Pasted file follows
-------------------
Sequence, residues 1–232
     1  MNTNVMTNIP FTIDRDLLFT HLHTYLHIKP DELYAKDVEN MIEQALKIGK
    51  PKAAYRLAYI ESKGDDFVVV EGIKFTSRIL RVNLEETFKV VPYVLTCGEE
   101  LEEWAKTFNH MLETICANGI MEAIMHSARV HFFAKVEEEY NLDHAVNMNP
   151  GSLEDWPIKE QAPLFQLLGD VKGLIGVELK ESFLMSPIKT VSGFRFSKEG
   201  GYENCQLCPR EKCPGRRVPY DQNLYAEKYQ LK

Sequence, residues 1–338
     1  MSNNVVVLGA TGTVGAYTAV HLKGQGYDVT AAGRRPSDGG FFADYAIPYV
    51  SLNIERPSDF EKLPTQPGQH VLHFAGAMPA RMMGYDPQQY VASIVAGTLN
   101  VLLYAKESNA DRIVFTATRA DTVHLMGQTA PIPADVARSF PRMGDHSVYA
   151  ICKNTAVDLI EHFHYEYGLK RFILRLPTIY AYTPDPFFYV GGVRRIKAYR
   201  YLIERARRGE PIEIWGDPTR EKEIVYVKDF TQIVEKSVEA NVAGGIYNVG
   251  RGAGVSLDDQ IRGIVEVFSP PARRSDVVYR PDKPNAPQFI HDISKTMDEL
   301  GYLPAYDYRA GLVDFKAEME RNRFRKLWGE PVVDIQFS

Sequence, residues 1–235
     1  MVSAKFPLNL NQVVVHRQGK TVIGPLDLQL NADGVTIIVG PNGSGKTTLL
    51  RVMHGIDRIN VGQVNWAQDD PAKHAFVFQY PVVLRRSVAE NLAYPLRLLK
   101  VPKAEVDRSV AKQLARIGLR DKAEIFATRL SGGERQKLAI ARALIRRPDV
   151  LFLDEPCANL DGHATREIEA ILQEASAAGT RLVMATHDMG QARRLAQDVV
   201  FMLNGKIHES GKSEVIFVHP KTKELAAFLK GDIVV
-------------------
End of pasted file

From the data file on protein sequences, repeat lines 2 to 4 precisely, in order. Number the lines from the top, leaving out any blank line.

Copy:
     1  MNTNVMTNIP FTIDRDLLFT HLHTYLHIKP DELYAKDVEN MIEQALKIGK
    51  PKAAYRLAYI ESKGDDFVVV EGIKFTSRIL RVNLEETFKV VPYVLTCGEE
   101  LEEWAKTFNH MLETICANGI MEAIMHSARV HFFAKVEEEY NLDHAVNMNP